UT Southwestern, Children’s Health staff and students protest changes in care for trans youth

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About 200 faculty, students and community activists gathered at the University of Texas Southwestern Medical Center to protest the decision to close the state’s only transgender youth health program to new patients.

To mark International Transgender Day of Visibility, protesters carried transgender pride flags and faced cars driving past the medical center on Harry Hines Boulevard, prompting honks and waves of support from drivers.

At the beginning of the event, a protest organizer read a statement on behalf of members of UT Southwestern and the Children’s Health Community and their allies. “We are deeply concerned by UTSW’s recent public statements that perpetuate dangerous misinformation, as well as the institution’s failure to uphold non-discrimination policies,” the statement said.

“We are calling on UTSW and Children’s Health to immediately restore physicians’ ability to prescribe puberty suppression and hormone therapy to new patients,” the statement said. “Any other course of action is discriminatory, inconsistent with best practice and will inevitably result in harm to transgender youth and their families.”

In response to the request for comment, a spokesman for UT Southwestern referred to a joint statement from the hospitals earlier this week regarding the change in medical care for new patients.

“We continue to provide gender dysphoria assessments in adolescents, continue to provide psychiatric care for gender transition, and continue to coordinate these services,” the statement said.

Protesters gather at the University of Texas Southwestern Medical Center following the closure of the Genecis program, which no longer provides gender-affirming medical care to new transgender youth, Thursday, March 31, 2022, in Dallas, TX. The protest falls on Transgender Visibility Day and is being organized by the Resource Center.(Juan Figueroa / Staff Photographer)

The rally was the latest public demonstration of opposition to UT Southwestern and Children’s Health, which stopped providing gender-affirming medical care to new teenage patients in November.

On March 25, around 850 doctors, medical students and hospital staff submitted a petition to the hospital management against the decision. Hundreds of families also signed a letter detailing the impact of the changes in care on their loved ones.

The program’s top doctor is speaking out against her employers and is taking hospitals to court over the decision to stop offering gender-affirming treatments such as puberty blockers and hormone suppressors to new patients.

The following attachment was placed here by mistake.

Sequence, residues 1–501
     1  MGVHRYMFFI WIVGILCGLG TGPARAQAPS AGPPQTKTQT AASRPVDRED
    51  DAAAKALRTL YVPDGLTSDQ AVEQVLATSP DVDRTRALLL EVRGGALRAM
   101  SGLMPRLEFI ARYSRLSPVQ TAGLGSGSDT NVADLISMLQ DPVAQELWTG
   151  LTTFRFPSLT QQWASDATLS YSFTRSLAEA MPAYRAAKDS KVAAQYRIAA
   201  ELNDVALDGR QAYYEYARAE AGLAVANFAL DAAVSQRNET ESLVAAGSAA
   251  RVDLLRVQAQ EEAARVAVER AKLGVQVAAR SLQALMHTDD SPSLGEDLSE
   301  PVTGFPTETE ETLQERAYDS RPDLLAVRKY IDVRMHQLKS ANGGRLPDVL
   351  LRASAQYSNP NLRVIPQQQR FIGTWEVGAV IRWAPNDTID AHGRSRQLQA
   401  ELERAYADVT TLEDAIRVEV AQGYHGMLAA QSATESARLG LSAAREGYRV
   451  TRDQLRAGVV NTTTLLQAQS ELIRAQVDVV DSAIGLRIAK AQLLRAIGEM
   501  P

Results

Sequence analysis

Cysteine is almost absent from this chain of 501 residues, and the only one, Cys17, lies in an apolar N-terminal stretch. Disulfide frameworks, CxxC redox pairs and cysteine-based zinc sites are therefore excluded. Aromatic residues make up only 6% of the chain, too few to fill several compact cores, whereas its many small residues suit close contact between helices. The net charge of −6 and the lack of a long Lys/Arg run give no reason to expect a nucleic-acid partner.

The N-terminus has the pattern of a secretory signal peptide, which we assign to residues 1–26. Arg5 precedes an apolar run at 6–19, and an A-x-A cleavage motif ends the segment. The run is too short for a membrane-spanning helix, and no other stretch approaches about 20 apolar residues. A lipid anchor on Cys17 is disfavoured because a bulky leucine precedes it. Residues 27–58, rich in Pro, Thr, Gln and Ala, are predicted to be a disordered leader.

In an updated petition filed in Dallas County Court on Wednesday, Dr. Ximena Lopez that more than 100 potential patients have been turned away due to the program changes.

Thursday’s rally was organized by staff and students from UT Southwestern and Children’s Health and supported by local LGBTQ organizations including the Resource Center, Dallas-Fort Worth Human Rights Campaign and Equality Texas.

UT Southwestern allowed the protest to take place on campus, organizers said, and police officers from the University of Texas System were present. The Dallas Morning News could not confirm with UT Southwestern if it allowed the protest.

Protesters linked to the hospitals said they did not want to speak publicly about the changes to gender-affirming care options for fear of retribution.

Protesters carry signs during the

Patrick Hanley, a member of the Dallas-based Resource Center’s advocacy team, said the organization had been asked for additional help organizing the rally by hospital workers and students in recent weeks.

“We wanted to come out and support them and make sure their voices are heard,” Hanley said. “And we’re all here today to support best practices and to affirm care, the type of care that all credible medical associations have subscribed to.”

References to Genecis, which provided gender-affirming care to transgender and non-binary youth for seven years, were quietly removed from hospital websites in November. New patients seeking medical treatment were referred to external clinics.

A few months later, Texas Attorney General Ken Paxton issued an advisory finding that medical treatments to confirm the sex of minors resembled child abuse. The future of access to such care for transgender youth is now up in the air as state leaders battle the use of medical treatments for gender dysphoria in youth in a Texas court.

Protesters gather at the University of Texas Southwestern Medical Center following the...
Protesters gather at the University of Texas Southwestern Medical Center following the closure of the Genecis program, which no longer provides gender-affirming medical care to new transgender youth, Thursday, March 31, 2022, in Dallas, TX. The protest falls on Transgender Visibility Day and is being organized by the Resource Center.(Juan Figueroa / Staff Photographer)

UT Southwestern and Children’s Health initially said the break-up of the program’s branding was done to provide more privacy for existing patients and their families.

Then, in a March statement, UT Southwestern said it also considered non-medical factors — such as media attention and scientific and political controversies — when deciding to change care options at Genecis.

All major national and state medical groups support age-appropriate, individualized, gender-affirming care for transgender youth. Medical interventions should only be considered for adolescents who have experienced the onset of puberty and have undergone a best practice mental health assessment.

Children's Hospital Dallas.
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